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Assignment into bankruptcy - ways it can happen

When an individual or business can no longer keep up with its debt obligations or satisfy its liabilities, it is considered "insolvent". Insolvency is not a formal legal state, but when insolvent, a debtor is capable of becoming bankrupt, which is a formal legal state. There are various possible ways that insolvent debtors can become bankrupt under the Bankruptcy and Insolvency Act (BIA).

Voluntary assignment

Debtors may, of their own accord, decide to assign themselves into bankruptcy and surrender their property to a Licensed Insolvency Trustee. By doing so, they dispose of their property and distribute the proceeds to benefit creditors in exchange for a release from their debts, and provide all creditors with an opportunity to participate in that distribution.

Application for bankruptcy order by creditor

Where a debtor is insolvent, a creditor may seek an order of the court assigning the debtor into bankruptcy.

In order for a creditor to obtain an order for bankruptcy, the creditor must be owed at least $1,000.00 by the debtor, and must prove the debtor has committed an "act of bankruptcy" in the last 6 months.

Several acts of bankruptcy are enumerated in the BIA, but the most common is failing to pay debts as they become due (i.e. having unpaid debts to numerous creditors).

Upon satisfying the court of the above, the court will make an order assigning the debtor into bankruptcy and appointing a Licensed Insolvency Trustee.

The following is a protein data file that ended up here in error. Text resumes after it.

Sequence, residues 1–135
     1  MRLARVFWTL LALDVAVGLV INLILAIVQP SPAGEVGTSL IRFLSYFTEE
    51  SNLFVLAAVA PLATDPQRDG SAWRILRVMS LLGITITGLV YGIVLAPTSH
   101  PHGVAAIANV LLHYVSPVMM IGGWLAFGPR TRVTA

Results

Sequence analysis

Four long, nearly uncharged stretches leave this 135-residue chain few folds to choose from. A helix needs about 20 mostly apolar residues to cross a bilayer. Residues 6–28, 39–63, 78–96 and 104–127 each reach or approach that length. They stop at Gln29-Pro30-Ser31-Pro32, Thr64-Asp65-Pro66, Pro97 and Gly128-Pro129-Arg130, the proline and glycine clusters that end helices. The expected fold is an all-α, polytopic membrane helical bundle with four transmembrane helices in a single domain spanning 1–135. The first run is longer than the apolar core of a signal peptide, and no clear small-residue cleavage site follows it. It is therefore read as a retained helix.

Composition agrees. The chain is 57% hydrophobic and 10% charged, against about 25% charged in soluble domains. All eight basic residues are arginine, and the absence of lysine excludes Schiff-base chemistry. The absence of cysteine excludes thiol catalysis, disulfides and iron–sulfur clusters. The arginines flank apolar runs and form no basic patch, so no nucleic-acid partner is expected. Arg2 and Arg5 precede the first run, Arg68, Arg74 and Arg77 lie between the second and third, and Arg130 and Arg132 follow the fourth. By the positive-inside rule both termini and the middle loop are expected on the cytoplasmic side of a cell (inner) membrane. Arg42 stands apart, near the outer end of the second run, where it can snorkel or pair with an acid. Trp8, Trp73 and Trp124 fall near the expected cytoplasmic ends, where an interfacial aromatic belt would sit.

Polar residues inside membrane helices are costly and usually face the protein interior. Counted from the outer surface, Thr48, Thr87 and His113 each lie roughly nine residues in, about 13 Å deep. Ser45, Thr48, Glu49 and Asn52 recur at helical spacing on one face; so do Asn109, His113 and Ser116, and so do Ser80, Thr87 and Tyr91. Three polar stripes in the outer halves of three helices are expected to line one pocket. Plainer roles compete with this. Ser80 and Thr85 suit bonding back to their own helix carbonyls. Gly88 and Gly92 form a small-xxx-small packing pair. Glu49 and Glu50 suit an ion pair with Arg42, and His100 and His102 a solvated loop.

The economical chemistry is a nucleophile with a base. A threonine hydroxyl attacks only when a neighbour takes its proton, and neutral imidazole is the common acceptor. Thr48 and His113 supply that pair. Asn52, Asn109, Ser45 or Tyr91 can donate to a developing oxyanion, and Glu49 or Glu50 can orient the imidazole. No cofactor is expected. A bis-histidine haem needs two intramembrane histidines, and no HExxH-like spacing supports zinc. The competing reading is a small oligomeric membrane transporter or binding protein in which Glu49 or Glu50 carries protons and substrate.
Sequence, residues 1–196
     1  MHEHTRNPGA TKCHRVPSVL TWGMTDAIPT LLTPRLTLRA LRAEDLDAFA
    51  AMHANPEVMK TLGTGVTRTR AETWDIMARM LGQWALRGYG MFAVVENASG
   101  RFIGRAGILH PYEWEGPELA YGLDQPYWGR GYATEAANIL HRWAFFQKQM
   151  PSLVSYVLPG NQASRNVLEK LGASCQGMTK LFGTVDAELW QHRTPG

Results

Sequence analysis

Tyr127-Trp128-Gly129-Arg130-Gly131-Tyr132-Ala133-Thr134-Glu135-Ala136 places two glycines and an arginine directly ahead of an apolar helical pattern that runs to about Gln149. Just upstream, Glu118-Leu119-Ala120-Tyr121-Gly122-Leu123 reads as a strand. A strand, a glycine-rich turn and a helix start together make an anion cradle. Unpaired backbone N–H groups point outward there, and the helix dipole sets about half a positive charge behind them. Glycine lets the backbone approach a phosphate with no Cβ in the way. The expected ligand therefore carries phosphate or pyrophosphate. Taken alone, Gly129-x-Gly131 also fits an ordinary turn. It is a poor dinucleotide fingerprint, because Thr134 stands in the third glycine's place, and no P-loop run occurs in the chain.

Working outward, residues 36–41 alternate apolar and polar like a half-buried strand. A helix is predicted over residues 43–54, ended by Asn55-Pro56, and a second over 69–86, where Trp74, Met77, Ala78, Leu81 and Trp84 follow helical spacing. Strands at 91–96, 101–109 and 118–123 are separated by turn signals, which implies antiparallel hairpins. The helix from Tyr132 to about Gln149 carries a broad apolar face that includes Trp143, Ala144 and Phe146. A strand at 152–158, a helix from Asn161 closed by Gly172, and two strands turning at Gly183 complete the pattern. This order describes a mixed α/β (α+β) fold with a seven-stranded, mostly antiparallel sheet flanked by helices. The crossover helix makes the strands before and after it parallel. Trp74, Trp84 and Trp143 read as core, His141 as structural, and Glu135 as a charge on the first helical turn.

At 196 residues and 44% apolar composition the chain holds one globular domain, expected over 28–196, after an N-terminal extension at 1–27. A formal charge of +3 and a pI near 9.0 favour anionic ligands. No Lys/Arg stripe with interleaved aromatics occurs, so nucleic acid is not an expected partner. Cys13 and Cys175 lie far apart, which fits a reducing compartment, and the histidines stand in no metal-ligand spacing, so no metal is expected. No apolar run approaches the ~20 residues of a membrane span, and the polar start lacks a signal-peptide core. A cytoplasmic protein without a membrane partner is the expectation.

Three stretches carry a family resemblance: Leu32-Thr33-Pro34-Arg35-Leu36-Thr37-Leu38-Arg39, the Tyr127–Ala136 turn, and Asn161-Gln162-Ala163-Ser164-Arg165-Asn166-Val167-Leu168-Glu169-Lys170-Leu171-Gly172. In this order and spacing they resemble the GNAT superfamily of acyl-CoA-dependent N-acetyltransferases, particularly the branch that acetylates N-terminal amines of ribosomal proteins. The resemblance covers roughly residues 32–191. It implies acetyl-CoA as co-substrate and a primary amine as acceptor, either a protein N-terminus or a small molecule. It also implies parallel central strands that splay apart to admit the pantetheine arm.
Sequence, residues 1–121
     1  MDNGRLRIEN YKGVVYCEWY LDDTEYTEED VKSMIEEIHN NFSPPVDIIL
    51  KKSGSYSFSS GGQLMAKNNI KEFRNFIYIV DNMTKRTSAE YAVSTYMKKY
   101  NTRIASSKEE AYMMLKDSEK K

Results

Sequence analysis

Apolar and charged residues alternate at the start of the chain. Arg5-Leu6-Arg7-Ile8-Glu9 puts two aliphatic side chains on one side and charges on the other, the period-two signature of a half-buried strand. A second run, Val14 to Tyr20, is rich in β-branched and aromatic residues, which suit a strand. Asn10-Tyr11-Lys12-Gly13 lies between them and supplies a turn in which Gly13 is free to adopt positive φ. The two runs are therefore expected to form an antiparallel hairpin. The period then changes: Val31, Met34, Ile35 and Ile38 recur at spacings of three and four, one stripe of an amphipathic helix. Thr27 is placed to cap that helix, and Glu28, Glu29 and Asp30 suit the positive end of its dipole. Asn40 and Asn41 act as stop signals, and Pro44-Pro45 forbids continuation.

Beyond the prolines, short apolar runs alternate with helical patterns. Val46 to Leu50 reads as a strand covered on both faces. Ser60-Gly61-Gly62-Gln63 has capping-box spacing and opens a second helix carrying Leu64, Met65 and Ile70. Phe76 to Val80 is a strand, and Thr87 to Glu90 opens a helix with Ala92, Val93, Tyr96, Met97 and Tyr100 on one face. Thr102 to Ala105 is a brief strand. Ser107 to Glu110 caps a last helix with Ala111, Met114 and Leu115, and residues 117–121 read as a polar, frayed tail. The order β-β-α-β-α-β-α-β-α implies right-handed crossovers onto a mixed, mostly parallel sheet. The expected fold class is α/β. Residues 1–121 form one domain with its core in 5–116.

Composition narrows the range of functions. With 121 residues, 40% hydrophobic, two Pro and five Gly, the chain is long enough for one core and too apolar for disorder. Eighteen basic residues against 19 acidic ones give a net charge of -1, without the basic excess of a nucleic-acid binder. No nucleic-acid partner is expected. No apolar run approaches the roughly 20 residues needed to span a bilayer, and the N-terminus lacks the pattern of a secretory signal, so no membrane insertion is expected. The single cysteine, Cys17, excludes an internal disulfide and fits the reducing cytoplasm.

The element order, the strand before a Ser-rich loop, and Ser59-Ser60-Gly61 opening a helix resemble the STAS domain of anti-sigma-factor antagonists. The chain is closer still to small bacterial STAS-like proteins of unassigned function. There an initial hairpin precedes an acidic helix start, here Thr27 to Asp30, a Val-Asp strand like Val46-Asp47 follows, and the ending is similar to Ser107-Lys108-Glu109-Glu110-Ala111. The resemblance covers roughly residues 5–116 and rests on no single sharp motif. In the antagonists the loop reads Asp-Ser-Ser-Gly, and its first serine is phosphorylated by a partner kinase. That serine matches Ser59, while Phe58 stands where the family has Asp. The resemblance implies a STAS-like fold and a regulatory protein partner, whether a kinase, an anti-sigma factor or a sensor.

Rejection of a debt proposal

Rather than resorting to bankruptcy, an insolvent debtor may seek the assistance of a Licensed Insolvency Trustee to make a "proposal" to creditors. Through a proposal, a debtor offers creditors a compromise on the amount and/or timing of repayment, but on terms that are better than what would be expected in a bankruptcy. The creditors vote on this proposal. If the creditors vote to reject the proposal, the debtor is then automatically deemed to have made an assignment into bankruptcy.

Violating the terms of a proposal

Even if a proposal is accepted, a debtor may be deemed assigned into bankruptcy if the debtor then fails to abide by the proposal's terms; in some circumstances this is automatic, and in others it requires a court application.

Debtors are wise to consult with an insolvency lawyer to determine whether bankruptcy is the optimal solution for managing their debt. Creditors should likewise seek counsel to identify the best debt recovery option to maximize their chances of repayment.

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